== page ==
On Wednesday I booked bus tickets up to Arthur’s pass and back, giving me over eight hours in the area. Surely I’d see a kea, then, and that was my goal.
This bird (Nestor notabilis) is the world’s only alpine parrot, and has been largely extirpated by human activity, including clearing land and shooting the birds, who sometimes rip open the backs of sheep to eat the fat. They also have a fondness for lead, which they chew on car wheels and old houses. That has poisoned many. The ranger told me that 3 birds were taken to hospital for lead poisoning last year, and released after recovery. But they’ll just poison themselves again, for, smart as these birds are, I doubt they can make the connection between chewing lead and getting ill later.
The ranger also told me that farmers and ranchers had shot 150,000 keas over the years, and the conservation folks seem helpless to prevent loss of the present population, estimated at between 1,000 and 5,000 birds. I could hear the frustration in his voice as he described the situation. He added that next week the conservation folks are having a big meeting to figure out how to save this bird. I hope they don’t have to take them into captivity!
Anyway, in my discussion with the ranger, I asked him where the greatest chance was to see kea. He recommended a 2-hour (total) hike up one trail to the south, where there were keas not accustomed to humans, and which I might be able to spy in the trees. But the best spot, he said, was in the village by the cafe, where these cheeky birds come around to cadge treats. So I did both. More below.
Here is the tiny tourist village of Arthur’s Pass from a trail on the north side. Beeches abound.
Lovely beech forests cloak the slopes.
It’s another Lord of the Rings backdrop. Does anyone know what the plant is sticking up in the middle of the photo?
My guess is that this is red beech.
Everywhere there are signs about the keas and warnings not to feed them. The ranger also told me that avocado will kill them quickly (he said avocados are toxic to many parrots), and bread and chocolate are also bad for them. I of course was determined not to feed them. They lay eggs on the ground (apparently two eggs per clutch), and that’s bad, for introduced predators like the common brushtail possum from Australia (Trichosurus vulpecula), as well as stoats and rats, eat the eggs. Before Europeans came, there were no land mammals on New Zealand save two species of bats, so egg predation was low, and many birds evolved flightlessness.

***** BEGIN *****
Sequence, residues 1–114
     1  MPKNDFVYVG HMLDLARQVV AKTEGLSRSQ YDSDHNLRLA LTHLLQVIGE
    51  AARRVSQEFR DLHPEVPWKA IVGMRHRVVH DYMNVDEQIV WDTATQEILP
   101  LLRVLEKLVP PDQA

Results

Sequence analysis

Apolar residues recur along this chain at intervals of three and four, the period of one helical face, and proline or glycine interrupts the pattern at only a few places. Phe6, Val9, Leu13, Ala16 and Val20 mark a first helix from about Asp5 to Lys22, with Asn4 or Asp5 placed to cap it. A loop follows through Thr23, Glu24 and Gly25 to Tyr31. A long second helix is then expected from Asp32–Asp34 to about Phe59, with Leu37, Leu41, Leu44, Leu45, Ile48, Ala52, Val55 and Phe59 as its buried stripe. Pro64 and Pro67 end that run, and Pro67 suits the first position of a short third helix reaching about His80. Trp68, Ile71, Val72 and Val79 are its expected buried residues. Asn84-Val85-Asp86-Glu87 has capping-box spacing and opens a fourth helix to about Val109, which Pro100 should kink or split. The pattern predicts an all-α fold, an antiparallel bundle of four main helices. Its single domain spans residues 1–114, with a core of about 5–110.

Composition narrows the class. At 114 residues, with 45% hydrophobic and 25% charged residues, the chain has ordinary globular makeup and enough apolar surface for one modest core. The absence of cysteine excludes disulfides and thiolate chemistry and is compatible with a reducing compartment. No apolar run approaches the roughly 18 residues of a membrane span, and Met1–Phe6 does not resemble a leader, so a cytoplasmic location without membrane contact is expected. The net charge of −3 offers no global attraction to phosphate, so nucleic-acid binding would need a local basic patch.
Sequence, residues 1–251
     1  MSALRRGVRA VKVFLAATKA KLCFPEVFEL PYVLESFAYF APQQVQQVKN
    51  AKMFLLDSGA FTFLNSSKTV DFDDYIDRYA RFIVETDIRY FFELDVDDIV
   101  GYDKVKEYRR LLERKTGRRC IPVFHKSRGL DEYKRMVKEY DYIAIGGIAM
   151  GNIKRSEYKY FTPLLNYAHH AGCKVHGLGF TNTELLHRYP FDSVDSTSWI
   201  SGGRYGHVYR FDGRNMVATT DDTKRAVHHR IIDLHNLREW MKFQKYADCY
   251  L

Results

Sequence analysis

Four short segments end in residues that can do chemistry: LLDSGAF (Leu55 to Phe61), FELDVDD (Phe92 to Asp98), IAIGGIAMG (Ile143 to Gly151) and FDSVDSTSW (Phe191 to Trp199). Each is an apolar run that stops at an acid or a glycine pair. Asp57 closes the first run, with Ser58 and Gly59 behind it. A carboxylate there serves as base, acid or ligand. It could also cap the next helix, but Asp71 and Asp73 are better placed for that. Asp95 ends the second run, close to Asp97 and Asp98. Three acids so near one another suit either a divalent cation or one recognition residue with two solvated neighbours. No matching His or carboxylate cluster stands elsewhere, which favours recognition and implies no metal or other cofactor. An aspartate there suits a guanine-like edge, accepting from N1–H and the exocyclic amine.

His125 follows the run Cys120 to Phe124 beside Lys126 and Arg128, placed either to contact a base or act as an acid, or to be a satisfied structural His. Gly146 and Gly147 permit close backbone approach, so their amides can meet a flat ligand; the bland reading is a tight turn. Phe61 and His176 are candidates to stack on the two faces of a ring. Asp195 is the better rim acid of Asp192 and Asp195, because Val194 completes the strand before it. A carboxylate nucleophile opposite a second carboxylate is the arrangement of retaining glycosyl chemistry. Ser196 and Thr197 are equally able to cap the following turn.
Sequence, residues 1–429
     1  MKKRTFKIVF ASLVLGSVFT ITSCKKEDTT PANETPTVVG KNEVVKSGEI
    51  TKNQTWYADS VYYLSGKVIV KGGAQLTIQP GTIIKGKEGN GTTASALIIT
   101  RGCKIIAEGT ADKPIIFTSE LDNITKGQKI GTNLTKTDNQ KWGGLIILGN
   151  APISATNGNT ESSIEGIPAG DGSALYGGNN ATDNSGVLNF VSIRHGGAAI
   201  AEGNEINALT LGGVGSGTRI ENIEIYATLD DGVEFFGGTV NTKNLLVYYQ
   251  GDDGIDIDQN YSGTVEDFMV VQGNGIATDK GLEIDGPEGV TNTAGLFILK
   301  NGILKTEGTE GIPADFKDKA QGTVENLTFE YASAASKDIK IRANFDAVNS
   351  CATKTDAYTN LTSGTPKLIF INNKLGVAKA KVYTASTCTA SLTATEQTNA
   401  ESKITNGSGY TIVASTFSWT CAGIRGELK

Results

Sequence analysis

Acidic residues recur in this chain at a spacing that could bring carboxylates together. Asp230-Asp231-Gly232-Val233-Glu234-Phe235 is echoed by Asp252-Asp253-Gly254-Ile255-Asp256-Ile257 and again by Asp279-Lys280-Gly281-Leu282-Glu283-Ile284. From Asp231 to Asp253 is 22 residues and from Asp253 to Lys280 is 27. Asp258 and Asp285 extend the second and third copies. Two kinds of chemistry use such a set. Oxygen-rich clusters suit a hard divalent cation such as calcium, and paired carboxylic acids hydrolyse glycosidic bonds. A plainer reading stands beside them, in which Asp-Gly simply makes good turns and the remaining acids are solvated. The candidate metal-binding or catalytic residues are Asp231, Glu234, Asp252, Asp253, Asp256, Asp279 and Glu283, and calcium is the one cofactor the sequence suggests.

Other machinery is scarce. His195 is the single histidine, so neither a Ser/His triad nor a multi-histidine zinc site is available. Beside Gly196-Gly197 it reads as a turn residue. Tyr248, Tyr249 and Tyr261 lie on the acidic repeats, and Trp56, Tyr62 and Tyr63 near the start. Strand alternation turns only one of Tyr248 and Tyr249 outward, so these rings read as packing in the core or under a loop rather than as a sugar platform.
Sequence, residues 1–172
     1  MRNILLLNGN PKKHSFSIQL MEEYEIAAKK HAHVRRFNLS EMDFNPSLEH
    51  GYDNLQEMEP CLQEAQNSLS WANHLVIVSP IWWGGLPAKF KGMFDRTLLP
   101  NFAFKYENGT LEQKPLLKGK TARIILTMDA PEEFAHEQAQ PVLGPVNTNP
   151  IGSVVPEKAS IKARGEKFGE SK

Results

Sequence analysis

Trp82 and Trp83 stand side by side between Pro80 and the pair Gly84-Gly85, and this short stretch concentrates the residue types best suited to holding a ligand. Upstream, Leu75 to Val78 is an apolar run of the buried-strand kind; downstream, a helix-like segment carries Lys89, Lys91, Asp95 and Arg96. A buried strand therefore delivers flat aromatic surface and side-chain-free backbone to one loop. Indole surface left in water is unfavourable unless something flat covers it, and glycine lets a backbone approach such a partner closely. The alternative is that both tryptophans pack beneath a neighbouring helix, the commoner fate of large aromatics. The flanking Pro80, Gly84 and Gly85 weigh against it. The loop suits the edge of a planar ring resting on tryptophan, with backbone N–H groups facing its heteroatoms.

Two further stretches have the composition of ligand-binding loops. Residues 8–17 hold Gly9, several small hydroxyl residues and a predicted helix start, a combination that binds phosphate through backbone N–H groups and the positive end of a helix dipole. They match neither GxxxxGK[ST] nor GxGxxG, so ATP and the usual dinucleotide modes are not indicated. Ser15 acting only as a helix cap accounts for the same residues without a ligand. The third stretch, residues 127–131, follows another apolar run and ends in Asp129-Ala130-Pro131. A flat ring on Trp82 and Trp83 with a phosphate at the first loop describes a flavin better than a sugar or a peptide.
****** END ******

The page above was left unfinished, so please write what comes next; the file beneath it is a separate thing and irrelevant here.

Again from the ranger: at least 15 keas disappeared during the last year around the pass.
Possum trapping and killing is encouraged, as they are huge predators of native birds. Much as I hate the idea of killing anything, this seems reasonable if we want to keep the marvelous products of evolution that fly around New Zealand. A few decades of predation can destroy millions of years of evolution.
Possum skins are on sale in many places, including the ranger station, and they encourage people to buy them so that a “possum skin trade” will develop, encouraging further reduction of these invasive animals.
So. . . . how I found my kea.
After my hike, i sat in front of the village store and cafe for what must have been four hours, waiting for kea to come. It was tedious, though I had the galley proofs of Richard Dawkins’s latest book (out in August) to distract me. I finished the book and waited on.
I asked the cafe workers if there were often kea there, and they said that yes, nearly every day they came. That was bad: I felt that I was going to have another non-experience, like that I had at Milford Sound. The weather was warm and sunny, which may have driven the birds up the mountain.
At 4:30 it was time to meet the bus going back to Greymouth. It was the same shuttle driven by the same guy, who let me ride up front with him. When I told him of my futile quest for kea, he regaled me with stories of his encounters with them (they sit in the middle of the road and won’t move when cars come by, they destroyed the top of his van once, and so on). But then he told me that, on the way back, he would stop in places where he’d seen kea before and give me a Last Chance to See. And so we stopped at several overlooks and pullouts on the way back to the coast.
And, at the very last one, there was a plump bird waddling around the parking lot. It was a kea, scrounging what food it could from the ground. I was so excited that I hopped from the van with my camera almost before it stopped.
And here are the results. Notice that the bird is gorgeous, with green feathers that turn violet on the edges and turquoise on the tail. Its wings are orange-red underneath, but I didn’t see that. Note, too, the wicked beak, with which these birds strip chrome and rubber from cars. Also, it’s banded, as nearly every kea is around Arthur’s Pass (they know them all).
LOOK AT THAT BIRD!
This kea found apple peelings in the carpark. He held down some with his ungainly feet while eating them bit by bit.
Nomming crumbs from the pavement:
The photo below is a tad out of focus, but it shows the lovely colors of the bird, as well as its small eyes and wicked beak.
I am SO happy I got to see kea, even if I saw only one. One was enough, and it was worth the eight-hour wait.
Many thanks to Mike of West Coast Shuttle for giving me the chance to see this bird.
I also met up with another South Island Robin (Petroica australis), which, as one did on the Routeburn Track, followed me down the trail and, when I stopped, jumped onto my feet to tug at my shoelaces. It also made a dive at my jeans, trying to pluck at them. They are splendid little birds with gray coloration, glossy black eyes and beaks, whitish to yellowish breasts, and little stick legs. They are very curious and fearless:
And today (this will be published in the US on Friday), I head to Nelson, delighted that I’ve bagged a kea with my camera.